The images generated are communicated to a computer. A computer program then analyzes the images to discern a potential drowning event. From the images received the program detects or extracts the position, such as posture and/or location, ofpersons in the water. The program detects contours of human bodies. Cranial structures and air sacks are particularly useful features for detecting a person's position in a sonar image, as are sonar bar codes when used. In some embodiments, images ofthe same body of water obtained with different transducers are integrated for detecting a person's position.
Position information extracted from images is compared to corresponding position image in previous images. Thus, a person's position from a current image can be compared to the corresponding position from a defined number of preceding images,which may be collected at fixed time intervals. The purpose of the comparison is to establish if a potential drowning event is in progress. A potential drowning event may be indicated by stillness of a submerged person's body over a defined period oftime. Also, prolonged low volume of air sacks may provide an additional or alternative indication of a drowning event, whether in conjunction with stillness or preceding it. Low air sacks volume can be indicated by a low air sacks to cranial structureratio.
If the computer program detects a potential drowning event, it issues an alarm. The alarm can be communicated in many ways to potential rescuers or other interested parties. In one embodiment, the system has an interface compatible forcommunicating the alarm to a building automation system. A building automation system can direct the alarm promptly to many interested persons or entities.
Some embodiments utilize an imaging station capable to indicate the location in the body of water of a potential drowning event. Another feature may be a passive mode of operation, which automatically switches to an active mode when activity inthe swimming pool is sensed.
The invention is relatively inexpensive and reliable, and therefore may become widely adopted, thus resulting in a significant reduction of the severity of near drowning consequences and the number of drowning fatalities.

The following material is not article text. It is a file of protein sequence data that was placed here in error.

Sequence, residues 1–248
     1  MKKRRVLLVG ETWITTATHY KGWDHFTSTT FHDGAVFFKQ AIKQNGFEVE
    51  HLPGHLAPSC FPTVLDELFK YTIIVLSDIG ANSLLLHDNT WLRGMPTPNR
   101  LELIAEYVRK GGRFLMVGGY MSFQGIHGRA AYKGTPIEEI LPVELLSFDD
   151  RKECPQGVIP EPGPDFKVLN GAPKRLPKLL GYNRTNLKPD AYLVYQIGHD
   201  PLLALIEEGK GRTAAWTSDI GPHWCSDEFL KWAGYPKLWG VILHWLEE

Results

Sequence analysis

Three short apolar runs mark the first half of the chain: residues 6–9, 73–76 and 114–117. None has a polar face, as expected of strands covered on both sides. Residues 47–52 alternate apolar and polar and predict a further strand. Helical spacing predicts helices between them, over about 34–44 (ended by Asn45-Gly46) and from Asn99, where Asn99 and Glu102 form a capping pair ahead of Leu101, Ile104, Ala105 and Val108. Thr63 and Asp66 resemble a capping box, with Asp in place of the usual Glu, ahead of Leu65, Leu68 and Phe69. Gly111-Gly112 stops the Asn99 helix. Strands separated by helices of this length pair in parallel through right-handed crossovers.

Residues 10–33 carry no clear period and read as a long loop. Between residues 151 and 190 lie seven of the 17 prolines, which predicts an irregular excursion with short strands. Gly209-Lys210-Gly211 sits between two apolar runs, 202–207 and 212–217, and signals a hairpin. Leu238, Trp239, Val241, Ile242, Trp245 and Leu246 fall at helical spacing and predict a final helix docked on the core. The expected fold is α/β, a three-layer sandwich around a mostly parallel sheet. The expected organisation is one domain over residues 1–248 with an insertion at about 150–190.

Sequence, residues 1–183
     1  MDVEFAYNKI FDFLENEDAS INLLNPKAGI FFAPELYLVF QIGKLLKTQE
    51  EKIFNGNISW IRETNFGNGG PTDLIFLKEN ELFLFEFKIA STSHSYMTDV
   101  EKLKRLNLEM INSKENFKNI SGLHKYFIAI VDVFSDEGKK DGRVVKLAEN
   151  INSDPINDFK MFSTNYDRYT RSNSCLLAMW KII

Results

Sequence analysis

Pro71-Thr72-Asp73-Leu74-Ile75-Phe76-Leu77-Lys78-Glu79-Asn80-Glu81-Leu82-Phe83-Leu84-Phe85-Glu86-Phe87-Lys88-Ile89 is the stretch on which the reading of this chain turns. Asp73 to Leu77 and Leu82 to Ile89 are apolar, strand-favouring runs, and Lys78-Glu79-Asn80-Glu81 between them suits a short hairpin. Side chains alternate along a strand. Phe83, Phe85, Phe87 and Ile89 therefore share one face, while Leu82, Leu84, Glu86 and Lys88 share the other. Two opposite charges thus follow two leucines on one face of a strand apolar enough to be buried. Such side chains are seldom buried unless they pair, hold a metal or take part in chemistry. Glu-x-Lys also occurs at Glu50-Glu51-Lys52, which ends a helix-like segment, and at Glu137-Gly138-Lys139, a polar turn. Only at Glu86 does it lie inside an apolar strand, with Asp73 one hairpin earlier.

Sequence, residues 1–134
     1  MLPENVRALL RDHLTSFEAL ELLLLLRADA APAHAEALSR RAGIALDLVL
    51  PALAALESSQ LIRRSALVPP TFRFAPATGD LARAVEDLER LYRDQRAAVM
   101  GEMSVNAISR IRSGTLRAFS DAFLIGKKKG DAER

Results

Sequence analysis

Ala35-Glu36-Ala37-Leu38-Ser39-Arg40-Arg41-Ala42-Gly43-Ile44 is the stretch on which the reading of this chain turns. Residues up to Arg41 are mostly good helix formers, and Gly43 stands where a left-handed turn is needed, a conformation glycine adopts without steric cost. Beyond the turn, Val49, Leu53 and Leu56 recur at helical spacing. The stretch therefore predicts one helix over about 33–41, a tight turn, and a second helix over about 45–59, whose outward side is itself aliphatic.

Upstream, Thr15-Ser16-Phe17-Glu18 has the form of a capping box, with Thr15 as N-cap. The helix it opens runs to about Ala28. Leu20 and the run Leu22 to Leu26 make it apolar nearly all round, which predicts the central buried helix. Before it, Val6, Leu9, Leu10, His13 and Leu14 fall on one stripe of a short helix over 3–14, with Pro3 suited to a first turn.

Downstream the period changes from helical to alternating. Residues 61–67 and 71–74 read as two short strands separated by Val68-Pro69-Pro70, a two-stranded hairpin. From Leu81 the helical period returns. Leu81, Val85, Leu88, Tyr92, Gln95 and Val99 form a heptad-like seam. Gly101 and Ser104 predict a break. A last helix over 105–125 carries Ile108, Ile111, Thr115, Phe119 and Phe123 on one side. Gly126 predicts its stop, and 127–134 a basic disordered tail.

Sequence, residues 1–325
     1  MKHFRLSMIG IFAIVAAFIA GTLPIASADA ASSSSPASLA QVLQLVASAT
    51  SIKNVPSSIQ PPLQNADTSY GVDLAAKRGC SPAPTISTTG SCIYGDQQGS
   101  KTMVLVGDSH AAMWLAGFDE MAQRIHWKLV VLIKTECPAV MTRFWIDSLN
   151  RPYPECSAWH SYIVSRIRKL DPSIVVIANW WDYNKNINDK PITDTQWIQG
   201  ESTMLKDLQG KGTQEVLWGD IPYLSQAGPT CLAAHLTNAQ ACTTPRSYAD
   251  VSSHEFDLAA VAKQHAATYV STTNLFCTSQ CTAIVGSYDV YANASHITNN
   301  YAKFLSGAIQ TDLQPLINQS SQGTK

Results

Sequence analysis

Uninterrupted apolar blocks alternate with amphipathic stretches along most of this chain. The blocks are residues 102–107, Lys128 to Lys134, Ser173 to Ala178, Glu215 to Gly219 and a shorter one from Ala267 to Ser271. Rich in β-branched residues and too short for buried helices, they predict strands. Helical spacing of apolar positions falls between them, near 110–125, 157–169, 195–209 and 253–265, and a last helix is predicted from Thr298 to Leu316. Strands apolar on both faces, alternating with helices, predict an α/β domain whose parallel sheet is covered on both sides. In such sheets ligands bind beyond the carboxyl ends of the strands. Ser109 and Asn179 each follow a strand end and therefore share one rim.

BRIEFDESCRIPTION OF DRAWINGS
FIG. 1 is a diagram illustrating a transducer and a solid in a body of water, and a corresponding pixel map generated according to an embodiment of the present invention.
FIG. 2 is a diagram illustrating a transducer and multiple solids in a body of water, and a corresponding pixel map generated according to an embodiment of the present invention.
FIG. 3 is a diagram illustrating a scanning directional sonar detecting a child in a body of water, according to an embodiment of the present invention.
FIG. 4 is a diagram illustrating an example pixel map display, according to an embodiment of the present invention.
FIG. 5 illustrates an example algorithm for detecting an inactive individual, according to an embodiment of the present invention.
FIG. 6 is a flow diagram illustrating a method for sonar based drowning monitor, according to an embodiment of the present invention.
DETAILED DESCRIPTION OF PREFERRED EMBODIMENTS
Technology is provided for monitoring bodies of water to detect persons in danger of drowning. The technology may be embodied in many forms, such as systems comprising sonar detectors and computers, software, kits, methods of analyzing sonarimages, and methods of making drowning monitors. Present invention uses one or more transducers to monitor and track human activity in the water, uses an algorithm to detect an individual at risk of drowning, and uses an alarm to announce that there isa person in danger of drowning in the water. Optionally, invention comprises an imaging and/or monitoring station, a target locating capacity, and/or external communications capacity.
Sonar transducers for obtaining sonar images are employed. Generally, a sonar transducer is an active device that emits a beam in the form of a succession of pulses and detects the echo of the pulses caused by their reflection from an obstaclein the path of the beam. Sonar detection of underwater objects is a mature technology. Existing sonar devices can be used for drowning detection monitors. For example, fish finders currently on the market often have the adequate capacity to detect andmonitor the underwater activity of a large group of humans in a relatively small swimming facility. Preferably, a broad-swath sonar transducer is used to obtain images of substantial vertical sections of the monitored body of water. By broad-swath ismeant a type of sonar imaging device or array that covers a volume of water larger than an essentially planar slice or an essentially linear path. For example, Lowrance Electronics Inc. (Tulsa, Okla.) manufactures and incorporates into Eagle.RTM. Trifinder (a fish finder device) a sonar transducer of sufficient complexity for many embodiments of the present invention. In some embodiments a plurality of sonar transducers are used in monitoring a specific body of water.